Adam West’s Batman Was Funny Because He Was So Serious

The lightest of the Dark Knights was the master of camp.


Superheroes may never truly die, but as Adam West’s passing reminds us, their alter-egos are strictly mortal. In celebration of West’s iconic portrayal of Batman, it’s nice to remember that the kitschiest Caped Crusader probably took the role more seriously than anyone else. West’s Batman might be remembered as being the silliest version of the character, but he achieved that effect by playing it straight.

When Yvonne Craig took the role of Batgirl on ABC’s Batman in 1967, West told the young actress the way the Bat-magic worked: “Play each scene like it’s the last scene of your life.” Prior to being cast as Bruce Wayne/Batman, West’s career consisted of guest roles on dramas like The Rifleman, Perry Mason, and, notably, The Outer Limits, the Black Mirror of the ‘60s. Through it all, West’s characters were deadly serious, a quality he carried over to Batman, too. For the casual fan, this might seem like a contradiction. West’s 1966 Batman is remembered for the deadpan laughs, not the pathos. So what gives? How was West the funniest Batman and the most serious Batman at the same time?


The easy answer is that Adam West was a master of camp. In her famous essay “Notes on ‘Camp,’” critic Susan Sontag defines camp as “love of the unnatural, of artifice and exaggeration.” When Adam West played Batman, he pulled his artifice over his head, literally. His Bat-mask allowed him to become the character. According to the Hollywood Reporter, West said that in order to create any kind of comedy “one had to never think it was funny. You just had to pull on that cowl and believe that no one would recognize you.”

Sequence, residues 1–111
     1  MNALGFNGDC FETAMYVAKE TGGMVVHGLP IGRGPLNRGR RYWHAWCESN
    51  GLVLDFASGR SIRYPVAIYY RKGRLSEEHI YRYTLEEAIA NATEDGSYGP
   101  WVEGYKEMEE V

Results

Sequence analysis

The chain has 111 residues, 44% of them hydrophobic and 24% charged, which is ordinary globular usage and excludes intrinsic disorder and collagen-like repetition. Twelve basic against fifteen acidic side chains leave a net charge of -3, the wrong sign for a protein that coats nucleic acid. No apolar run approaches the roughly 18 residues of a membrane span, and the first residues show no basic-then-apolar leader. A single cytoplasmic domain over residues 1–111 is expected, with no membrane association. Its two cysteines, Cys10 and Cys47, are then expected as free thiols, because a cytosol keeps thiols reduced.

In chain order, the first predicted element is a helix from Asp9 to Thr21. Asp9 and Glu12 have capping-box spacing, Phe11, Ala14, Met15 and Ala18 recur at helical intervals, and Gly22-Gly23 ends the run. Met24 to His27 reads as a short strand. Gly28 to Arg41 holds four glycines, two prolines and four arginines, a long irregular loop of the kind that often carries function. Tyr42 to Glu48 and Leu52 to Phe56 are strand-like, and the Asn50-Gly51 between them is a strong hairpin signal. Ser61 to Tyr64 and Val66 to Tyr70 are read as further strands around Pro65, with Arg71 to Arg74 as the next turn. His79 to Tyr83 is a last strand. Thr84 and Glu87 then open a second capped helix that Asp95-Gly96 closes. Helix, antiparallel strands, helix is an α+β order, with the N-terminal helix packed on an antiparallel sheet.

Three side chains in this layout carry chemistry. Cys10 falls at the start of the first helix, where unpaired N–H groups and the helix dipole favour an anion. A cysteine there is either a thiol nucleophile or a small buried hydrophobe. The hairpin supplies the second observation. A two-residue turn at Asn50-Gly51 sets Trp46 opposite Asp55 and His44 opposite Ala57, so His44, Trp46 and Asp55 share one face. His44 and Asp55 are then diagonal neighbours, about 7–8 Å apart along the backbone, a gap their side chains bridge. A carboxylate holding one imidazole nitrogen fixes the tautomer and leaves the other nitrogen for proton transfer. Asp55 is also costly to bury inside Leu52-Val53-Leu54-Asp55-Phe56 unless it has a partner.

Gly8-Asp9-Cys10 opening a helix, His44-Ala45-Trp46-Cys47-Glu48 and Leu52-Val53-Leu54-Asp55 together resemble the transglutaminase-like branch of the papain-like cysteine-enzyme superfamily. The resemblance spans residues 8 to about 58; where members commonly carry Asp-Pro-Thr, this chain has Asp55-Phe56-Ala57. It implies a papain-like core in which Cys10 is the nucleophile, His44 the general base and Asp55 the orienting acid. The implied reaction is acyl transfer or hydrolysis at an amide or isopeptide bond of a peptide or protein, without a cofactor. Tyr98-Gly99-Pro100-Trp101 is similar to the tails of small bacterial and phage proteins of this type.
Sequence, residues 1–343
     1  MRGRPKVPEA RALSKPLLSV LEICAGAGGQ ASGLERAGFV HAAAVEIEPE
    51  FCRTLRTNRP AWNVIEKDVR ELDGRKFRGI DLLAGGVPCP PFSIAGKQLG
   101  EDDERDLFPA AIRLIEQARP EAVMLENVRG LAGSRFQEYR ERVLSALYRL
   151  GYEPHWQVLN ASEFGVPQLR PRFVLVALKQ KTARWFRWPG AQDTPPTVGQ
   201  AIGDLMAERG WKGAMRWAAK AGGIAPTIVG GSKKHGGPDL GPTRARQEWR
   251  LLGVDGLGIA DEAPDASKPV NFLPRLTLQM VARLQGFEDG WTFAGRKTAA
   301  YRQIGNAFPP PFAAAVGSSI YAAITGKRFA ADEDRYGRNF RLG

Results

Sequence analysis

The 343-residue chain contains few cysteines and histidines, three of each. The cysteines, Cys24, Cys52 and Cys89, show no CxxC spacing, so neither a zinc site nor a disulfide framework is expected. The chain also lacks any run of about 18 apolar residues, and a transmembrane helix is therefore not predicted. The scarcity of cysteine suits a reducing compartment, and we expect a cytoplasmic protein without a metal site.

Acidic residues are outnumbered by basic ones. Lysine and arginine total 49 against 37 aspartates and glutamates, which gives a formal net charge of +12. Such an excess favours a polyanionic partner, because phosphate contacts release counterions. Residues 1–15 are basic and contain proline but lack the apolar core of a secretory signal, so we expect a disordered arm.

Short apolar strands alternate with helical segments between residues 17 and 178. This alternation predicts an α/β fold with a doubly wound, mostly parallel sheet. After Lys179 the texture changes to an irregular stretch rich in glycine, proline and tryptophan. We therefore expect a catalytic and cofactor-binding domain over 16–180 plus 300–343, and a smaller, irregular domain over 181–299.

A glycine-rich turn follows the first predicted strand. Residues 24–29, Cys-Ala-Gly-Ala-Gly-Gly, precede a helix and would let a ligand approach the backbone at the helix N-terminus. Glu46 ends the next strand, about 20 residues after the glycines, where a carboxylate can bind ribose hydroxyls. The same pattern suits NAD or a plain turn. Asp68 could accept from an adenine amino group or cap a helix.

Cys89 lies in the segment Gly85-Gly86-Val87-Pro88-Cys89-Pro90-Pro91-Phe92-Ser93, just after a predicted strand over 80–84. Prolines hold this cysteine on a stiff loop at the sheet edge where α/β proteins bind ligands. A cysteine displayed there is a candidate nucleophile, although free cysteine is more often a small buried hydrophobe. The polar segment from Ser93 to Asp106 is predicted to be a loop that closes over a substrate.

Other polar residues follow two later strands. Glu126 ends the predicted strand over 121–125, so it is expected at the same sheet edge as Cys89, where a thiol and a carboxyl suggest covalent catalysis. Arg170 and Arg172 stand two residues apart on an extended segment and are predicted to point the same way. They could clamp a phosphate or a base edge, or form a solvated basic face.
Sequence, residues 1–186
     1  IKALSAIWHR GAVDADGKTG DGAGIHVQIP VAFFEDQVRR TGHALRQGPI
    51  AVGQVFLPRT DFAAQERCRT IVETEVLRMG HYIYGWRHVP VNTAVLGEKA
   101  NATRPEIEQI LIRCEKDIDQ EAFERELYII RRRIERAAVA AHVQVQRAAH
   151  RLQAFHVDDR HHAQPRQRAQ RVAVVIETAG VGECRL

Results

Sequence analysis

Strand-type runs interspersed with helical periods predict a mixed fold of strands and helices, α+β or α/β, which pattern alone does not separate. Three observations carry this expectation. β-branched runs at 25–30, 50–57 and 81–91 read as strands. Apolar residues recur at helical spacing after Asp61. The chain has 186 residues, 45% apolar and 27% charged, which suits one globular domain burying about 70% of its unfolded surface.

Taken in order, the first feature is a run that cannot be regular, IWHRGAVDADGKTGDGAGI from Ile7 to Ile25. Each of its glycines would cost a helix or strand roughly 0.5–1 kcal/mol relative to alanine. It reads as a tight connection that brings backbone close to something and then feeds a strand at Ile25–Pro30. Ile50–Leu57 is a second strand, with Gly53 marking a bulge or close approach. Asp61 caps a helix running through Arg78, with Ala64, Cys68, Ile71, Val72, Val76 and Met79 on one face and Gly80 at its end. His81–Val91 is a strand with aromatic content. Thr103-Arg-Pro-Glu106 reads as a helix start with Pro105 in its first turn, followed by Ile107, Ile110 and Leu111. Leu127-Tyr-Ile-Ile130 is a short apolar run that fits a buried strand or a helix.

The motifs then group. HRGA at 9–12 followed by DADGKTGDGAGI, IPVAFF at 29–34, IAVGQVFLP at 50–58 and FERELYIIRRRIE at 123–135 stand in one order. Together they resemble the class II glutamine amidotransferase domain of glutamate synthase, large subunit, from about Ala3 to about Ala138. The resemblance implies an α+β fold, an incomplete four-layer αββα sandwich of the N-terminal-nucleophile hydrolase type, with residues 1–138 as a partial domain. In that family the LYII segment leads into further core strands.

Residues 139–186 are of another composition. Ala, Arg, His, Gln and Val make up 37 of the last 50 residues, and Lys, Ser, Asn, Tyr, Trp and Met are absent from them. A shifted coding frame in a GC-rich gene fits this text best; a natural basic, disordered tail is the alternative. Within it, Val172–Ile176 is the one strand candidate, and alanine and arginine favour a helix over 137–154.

In the 1966 Batman feature film, the funniest bit (after Batman beating up a fake shark) is easily when West tries in vain to dispose of a Looney Tunes-style bomb. West’s physical comedy here feels like you’re watching a Buster Keaton movie, or even Charlie Chaplin. But when it comes to delivering the essential one-liner in this scene, West encapsulates why his Batman had to be serious in order to be funny. “Some days you just can’t get rid of a bomb,” he says, and there’s not a single wink at the camera. Adam West wasn’t in on the joke of being a campy Batman, he was immersed in it. According to Sontag, “to talk about camp is to betray it.”

The only “goofy” Batman post West was George Clooney, in 1997’s Batman and Robin, a movie whose primary flaw is simply trying very hard to be funny and failing. West’s Batman never tried to be funny, which is why he succeeded in being hilarious. Because of the overt (and possibly misguided) earnestness of almost every single Batman since West, no one actor has captured the blend of humor and heroism he pulled off so splendidly. Whether he was lecturing Robin about being an upstanding citizen, extolling the merits of his thermal-Bat underwear, or challenging the Joker to a surfing competition, Adam West gave the performance of his life every single time. He wasn’t the Batman anyone deserved, but because of his mastery of camp and commitment to his craft, he will forever be, the Batman everyone needs.

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